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January 11, 2016

Up Your Wine Game: Tasting Room Etiquette

Happy New Year to my readers!

This is something I get asked about all of the time. What is the proper way to taste wine? Do I smell the wine? Spit it? Swallow it? Do I tip? Can I ask for more? Is there a cost to taste? Etc?

I find that the more I progress in my studies my friends and family look at me as an authority on the subject. So I consider it a my duty to impart my knowledge:)

There are a couple different types of tasting rooms you might find yourself in. One is at a wine bar in the city, and the other is in an actual tasting room on a vineyard property in the wine country. Both would have the same rules of thumb, though the setup may be different. In general, at a wine bar, you get seated and a server brings you a wine (and food) menu. From there, you order as if you were at a regular restaurant. A tasting room is a little bit different. In general, you need to come up to the bar to be served.  First things first:

What is a flight? A flight is where you get a small taste of a few different wines that all have something in common. The flight might be: White Summer Sippers, Big Bold Reds, or a flight of Red Zinfandels. Each taste is usually 1-2oz and there are generally 3-5 tastes in a flight. Flights are a great way to try a few things you might not be familiar with. If you’re feeling experimental or just in the mood to sip, a flight is the way to go. If you’re not the experimental type, and are a creature of habit, then go ahead and order your wine by the glass.

If you’re in wine country at a tasting room, something like this might happen. You’re standing at the long wooden bar with a few others, and someone comes up and pours you 2 oz of a red wine that you know nothing about. What do you do? Stare at it? Pound it like a shot? Something in between the two? The best thing to remember in a tasting is to be patient. That person behind the bar could be pouring tastes for as many as 20 people and needs to keep all of their pours straight. There might be a bit of lag time between tastes poured, but that’s the beauty of being in a tasting room. You can chat with your friends, talk about who liked the wine you just tried, or make friends with others who are at the bar.

The pourer just poured the wine in your glass. At this point they’re probably going to identify what they just poured and give you a short tasting note on the wine. The tasting note is just a guide for you. If you don’t smell or taste what they talked about, you’re not wrong or a crappy taster or anything of the like. That is just what they’re suggesting that their wine is about. You may agree or disagree, and that’s ok. Now, if you’re me and you’re in a WSET Diploma Level 4 blind tasting exam and you get poured a wine that shows red berries (strawberries and cranberries) on the nose, then you sure as hell better get those red berries on the nose. There’s no room for disagreements. But remember, that’s not the real world. In the real world (at that tasting room with your friends) you can smell and taste whatever the heck you’d like! But, I recommend at least listening to what the pourer has to say. You might not know how to taste a wine and pick up that it’s sour cherries you taste. But if it’s suggested to you, and then you taste the wine, you might be blown away because you sure as hell taste sour cherries! It is pretty exciting once you can start discerning the different flavors of fruit, oak, spice, etc on a wine.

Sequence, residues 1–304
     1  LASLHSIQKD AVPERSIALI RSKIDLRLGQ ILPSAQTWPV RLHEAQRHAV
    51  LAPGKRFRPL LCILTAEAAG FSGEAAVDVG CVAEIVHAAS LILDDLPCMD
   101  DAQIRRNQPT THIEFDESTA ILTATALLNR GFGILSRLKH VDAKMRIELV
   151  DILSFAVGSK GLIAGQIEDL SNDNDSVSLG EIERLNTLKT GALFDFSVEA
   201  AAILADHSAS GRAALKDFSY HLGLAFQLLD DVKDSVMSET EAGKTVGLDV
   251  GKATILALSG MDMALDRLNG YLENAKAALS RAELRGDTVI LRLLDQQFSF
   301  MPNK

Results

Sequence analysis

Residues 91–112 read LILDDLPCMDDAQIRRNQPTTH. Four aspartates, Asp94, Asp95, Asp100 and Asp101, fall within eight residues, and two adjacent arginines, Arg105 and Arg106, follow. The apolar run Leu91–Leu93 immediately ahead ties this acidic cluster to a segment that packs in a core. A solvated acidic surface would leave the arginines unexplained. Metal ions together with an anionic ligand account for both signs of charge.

At a tasting room, you might find that a flight of wines has no charge. In that case, it is highly suggested that you buy a bottle. That is how the winery can offset the cost of giving away free pours all day. Now, if you don’t particularly care for any of the wines, then no need to buy a bottle. This isn’t a hard and fast rule. I would suggest to tip generously ($5/person maybe), say thank you, and be on your merry way. You might also find that there is a cost to the wine flight. $10-$15 per flight is the norm.

Here are the basics on tasting wine:

Swirl-swirl the wine in the glass. This will slightly aerate the wine and give it a chance to be in contact with oxygen. No need to be fancy and do the swirl mid-air. Put the glass on the bar, put your hand on the base, and move the glass around in circles.

Smell-stick your nose in the bowl (i.e. the part of the glass with the wine in it). Don’t be shy or afraid to do this. Stick it in and take a big whiff. The first thing you should smell is fruit (I’m not big on “shoulds”, but work with me here). If it’s a red wine, things you might smell are: cherries, strawberries, cranberries, blueberries, blackberries, raisin/currant, etc. If you’re smelling a white wine, you might smell: lemon, lime, pear, yellow/green apple, grapefruit, lychee, tangerine.